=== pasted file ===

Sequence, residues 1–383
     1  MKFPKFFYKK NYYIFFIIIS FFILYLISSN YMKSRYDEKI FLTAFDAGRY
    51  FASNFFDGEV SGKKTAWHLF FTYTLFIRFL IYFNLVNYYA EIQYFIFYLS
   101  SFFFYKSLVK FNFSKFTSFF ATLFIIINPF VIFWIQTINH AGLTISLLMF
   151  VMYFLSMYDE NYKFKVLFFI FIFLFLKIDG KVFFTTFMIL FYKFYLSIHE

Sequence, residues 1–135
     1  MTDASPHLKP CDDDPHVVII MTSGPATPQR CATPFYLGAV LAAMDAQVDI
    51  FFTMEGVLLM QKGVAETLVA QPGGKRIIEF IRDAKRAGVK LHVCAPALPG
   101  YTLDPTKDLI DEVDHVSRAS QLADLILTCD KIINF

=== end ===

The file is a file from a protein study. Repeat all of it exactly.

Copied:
Sequence, residues 1–383
     1  MKFPKFFYKK NYYIFFIIIS FFILYLISSN YMKSRYDEKI FLTAFDAGRY
    51  FASNFFDGEV SGKKTAWHLF FTYTLFIRFL IYFNLVNYYA EIQYFIFYLS
   101  SFFFYKSLVK FNFSKFTSFF ATLFIIINPF VIFWIQTINH AGLTISLLMF
   151  VMYFLSMYDE NYKFKVLFFI FIFLFLKIDG KVFFTTFMIL FYKFYLSIHE

Sequence, residues 1–135
     1  MTDASPHLKP CDDDPHVVII MTSGPATPQR CATPFYLGAV LAAMDAQVDI
    51  FFTMEGVLLM QKGVAETLVA QPGGKRIIEF IRDAKRAGVK LHVCAPALPG
   101  YTLDPTKDLI DEVDHVSRAS QLADLILTCD KIINF